St. Vincent Ferrer (1350-1419)

Vincent’s career of miracle working began early; prodigies attended his birth and baptism at Valencia, and, at the age of five, he cured a neighbor child of a serious illness. These gifts, and his natural beauty of person and character, made him the center of attention very early in life. Clearly, Vincent was marked for an unusual life.

He began his classical studies at the age of eight, his theological study at fourteen. Four years later, as all had expected, he entered the Dominican Order in his native city. So angelic was his appearance, and so holy his actions, that no other course seemed possible to him than to dedicate his life to God.

No sooner had he made his choice of a state in life than the devil attacked him with the most dreadful temptations. Even his parents pleaded with him to leave the convent and become a secular priest. By prayer and faith, especially prayer to Our Lady and his guardian angel, Vincent triumphed over his difficulties and finished his novitiate. He was ordained at Barcelona, in 1379.

Having made a particular study of Scripture and Hebrew, Vincent was well equipped to preach to the Jews. They were quite numerous in Spain then. During the years of his preaching, more than thirty thousand Jews and Moors were converted to Christianity. His numerous miracles, the strength and beauty of his voice, the purity and clarity of his doctrine, combined to make his preaching effective, based as it was on a firm foundation of prayer.

Two evils cried out for remedy in St. Vincent’s day: the moral laxity left by the great plague, and the scandal of the papal schism. In regard to the first, he preached tirelessly against the evils of the time, bringing thousands to a better life. That he espoused the cause of the wrong man in the papal disagreement is no argument against his own sanctity; at the time, and in the midst of such confusion, it was almost impossible to tell who was right and who was wrong. The memorable thing is that he labored, with all the arts he could command, to bring order out of a chaos which has never had an equal in the history of Christianity. He worked so intensely, in fact, that he fell mortally ill, and only a miraculous visit of Sts. Francis and Dominic cured him. On this occasion, he was bidden to rise and preach whenever and wherever he was needed.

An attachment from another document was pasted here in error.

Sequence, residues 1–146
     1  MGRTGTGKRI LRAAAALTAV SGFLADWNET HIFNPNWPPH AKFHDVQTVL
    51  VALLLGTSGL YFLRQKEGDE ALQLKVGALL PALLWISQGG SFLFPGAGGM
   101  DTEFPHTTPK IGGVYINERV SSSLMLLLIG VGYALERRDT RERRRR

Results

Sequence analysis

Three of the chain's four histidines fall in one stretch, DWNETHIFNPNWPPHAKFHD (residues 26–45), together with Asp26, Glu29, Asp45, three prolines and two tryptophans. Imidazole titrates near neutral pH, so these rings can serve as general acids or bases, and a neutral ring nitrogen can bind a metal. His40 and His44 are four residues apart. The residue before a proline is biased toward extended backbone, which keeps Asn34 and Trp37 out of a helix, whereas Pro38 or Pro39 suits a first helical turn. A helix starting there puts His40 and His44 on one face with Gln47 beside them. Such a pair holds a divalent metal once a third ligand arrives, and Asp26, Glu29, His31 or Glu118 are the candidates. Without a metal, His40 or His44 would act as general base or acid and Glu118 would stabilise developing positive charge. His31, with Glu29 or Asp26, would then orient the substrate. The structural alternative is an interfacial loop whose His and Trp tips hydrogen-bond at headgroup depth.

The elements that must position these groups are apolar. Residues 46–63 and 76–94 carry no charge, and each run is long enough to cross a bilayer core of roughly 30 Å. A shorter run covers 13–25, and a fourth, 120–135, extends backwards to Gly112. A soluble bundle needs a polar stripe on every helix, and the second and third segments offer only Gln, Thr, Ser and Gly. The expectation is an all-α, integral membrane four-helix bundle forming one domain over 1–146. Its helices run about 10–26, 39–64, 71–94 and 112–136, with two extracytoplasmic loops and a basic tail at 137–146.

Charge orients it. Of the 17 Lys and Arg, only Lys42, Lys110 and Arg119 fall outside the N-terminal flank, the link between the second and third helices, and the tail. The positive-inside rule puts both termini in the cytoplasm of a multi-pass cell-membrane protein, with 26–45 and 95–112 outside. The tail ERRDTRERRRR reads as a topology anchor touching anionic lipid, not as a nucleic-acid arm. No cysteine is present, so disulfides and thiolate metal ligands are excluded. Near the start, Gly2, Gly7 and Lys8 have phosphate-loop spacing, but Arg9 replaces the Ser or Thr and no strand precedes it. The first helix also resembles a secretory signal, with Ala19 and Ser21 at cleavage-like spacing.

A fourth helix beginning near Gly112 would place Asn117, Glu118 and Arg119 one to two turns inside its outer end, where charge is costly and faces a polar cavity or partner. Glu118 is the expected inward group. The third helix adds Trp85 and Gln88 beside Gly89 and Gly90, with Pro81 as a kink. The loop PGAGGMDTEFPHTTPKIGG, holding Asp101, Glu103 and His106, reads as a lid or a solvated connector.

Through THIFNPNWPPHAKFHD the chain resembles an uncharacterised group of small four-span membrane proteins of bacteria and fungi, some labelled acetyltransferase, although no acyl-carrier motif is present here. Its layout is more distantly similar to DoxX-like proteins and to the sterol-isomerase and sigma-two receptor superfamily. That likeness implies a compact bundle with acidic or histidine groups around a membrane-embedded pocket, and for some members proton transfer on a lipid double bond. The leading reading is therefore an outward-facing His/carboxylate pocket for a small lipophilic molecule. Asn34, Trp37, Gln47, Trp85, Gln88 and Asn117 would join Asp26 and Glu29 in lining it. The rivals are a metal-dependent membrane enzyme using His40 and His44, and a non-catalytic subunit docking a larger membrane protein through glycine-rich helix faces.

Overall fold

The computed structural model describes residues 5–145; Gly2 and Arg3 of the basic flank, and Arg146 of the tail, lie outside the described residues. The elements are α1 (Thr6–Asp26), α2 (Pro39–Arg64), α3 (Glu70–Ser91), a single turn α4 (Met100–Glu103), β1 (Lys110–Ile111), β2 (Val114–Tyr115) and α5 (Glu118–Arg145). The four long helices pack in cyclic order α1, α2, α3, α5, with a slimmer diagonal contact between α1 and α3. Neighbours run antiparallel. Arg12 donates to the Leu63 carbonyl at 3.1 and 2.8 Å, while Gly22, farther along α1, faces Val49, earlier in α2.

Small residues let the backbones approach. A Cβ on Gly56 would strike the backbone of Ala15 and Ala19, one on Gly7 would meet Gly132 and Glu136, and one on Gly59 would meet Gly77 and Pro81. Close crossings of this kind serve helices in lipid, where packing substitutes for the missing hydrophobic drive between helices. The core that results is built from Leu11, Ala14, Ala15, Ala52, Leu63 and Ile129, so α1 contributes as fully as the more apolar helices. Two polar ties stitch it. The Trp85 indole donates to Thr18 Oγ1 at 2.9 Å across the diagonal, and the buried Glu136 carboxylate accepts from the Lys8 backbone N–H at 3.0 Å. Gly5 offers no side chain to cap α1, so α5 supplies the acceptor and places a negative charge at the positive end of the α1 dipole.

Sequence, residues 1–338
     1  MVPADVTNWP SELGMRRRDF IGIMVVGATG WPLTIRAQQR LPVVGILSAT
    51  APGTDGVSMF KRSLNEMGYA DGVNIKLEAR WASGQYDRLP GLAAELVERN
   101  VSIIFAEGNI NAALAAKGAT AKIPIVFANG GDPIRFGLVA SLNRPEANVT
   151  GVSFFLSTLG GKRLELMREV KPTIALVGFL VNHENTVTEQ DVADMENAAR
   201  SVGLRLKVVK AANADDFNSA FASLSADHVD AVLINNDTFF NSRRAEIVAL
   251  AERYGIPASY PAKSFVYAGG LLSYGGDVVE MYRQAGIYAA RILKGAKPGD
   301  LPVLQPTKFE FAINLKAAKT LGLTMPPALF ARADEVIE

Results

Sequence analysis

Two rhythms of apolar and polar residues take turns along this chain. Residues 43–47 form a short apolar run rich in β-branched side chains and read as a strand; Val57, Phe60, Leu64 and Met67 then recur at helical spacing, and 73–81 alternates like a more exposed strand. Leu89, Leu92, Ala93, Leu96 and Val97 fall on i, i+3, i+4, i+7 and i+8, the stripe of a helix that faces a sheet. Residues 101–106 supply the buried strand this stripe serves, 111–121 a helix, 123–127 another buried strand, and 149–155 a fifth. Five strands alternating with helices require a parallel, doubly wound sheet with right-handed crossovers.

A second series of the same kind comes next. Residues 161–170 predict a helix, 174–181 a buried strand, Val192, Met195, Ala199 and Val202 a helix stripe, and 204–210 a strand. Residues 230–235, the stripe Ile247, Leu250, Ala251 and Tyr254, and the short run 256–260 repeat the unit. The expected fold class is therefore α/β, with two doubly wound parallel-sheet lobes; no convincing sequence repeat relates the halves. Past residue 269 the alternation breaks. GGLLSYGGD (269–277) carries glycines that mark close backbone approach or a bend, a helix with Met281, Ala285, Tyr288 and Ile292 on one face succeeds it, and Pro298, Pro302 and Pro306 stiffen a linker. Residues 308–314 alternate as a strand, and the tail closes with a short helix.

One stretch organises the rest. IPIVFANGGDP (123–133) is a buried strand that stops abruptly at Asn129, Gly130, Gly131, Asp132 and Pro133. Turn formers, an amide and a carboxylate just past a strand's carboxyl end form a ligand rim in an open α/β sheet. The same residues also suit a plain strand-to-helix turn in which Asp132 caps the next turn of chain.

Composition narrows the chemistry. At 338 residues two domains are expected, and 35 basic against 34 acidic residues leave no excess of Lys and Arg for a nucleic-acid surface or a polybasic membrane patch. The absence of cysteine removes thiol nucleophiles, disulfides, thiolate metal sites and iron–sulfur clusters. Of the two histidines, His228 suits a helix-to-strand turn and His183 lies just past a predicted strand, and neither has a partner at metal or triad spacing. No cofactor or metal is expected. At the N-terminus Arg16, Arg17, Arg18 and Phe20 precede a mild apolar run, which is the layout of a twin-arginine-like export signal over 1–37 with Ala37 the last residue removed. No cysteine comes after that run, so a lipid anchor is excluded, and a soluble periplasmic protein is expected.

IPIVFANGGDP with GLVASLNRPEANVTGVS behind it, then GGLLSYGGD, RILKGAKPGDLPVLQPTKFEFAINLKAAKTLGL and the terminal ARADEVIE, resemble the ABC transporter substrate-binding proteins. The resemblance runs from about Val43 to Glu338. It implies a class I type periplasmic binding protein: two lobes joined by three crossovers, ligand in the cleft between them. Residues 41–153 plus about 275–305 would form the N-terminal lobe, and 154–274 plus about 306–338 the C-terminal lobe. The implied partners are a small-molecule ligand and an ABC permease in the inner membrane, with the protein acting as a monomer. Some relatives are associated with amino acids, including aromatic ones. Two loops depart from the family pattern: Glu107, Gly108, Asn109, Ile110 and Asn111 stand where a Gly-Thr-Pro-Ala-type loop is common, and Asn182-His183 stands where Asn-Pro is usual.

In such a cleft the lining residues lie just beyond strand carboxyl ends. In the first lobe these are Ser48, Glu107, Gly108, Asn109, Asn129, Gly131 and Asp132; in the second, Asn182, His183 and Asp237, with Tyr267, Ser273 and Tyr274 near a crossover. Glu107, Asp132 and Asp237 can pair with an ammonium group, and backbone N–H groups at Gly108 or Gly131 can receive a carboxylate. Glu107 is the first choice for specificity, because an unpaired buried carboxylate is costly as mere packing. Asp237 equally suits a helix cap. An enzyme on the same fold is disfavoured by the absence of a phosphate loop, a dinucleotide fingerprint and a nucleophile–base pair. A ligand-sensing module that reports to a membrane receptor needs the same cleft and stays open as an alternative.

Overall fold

The preaching of Vincent became a strange but marvelously effective process. He attracted to himself hundreds of people at one time, more than ten thousand who followed him from place to place in the garb of pilgrims. The priests of the company sang Mass daily, chanted the Office, and dispensed the sacraments to those converted by Vincent’s preaching. Men and women traveled in separate companies, chanting litanies and prayers as they went barefoot along the road from one city to another. They taught catechism where needed, founded hospitals, and revived a faith that had all but perished in the time of the plague. In this way, he went through Spain, Italy, and France. Legend has it that he also went to England.

The burden of his preaching was penance. Like another John the Baptist who was also likened to an angel, as St. Vincent is in popular art he went through the wilderness of sin, crying out to the people to make straight the paths of the Lord. Fearing the judgment, if for no other reason, sinners listened to his startling sermons, and the most obstinate were led by him to cast off sin and love God. He worked countless miracles, some of which are remembered today in the proverbs of the country. His book, Treatise on the Spiritual Life, is still of value to earnest souls.

He preached to St. Colette and her nuns, and it was she who told him that he would die in France. Too ill to return to Spain, he did, indeed, die in Brittany. The Breton fishermen still invoke his aid in storms. In Spain, he is also the patron of orphanages.

(Source : Dorcy, Marie Jean. St. Dominic’s Family. Tan Books and Publishers, 1983)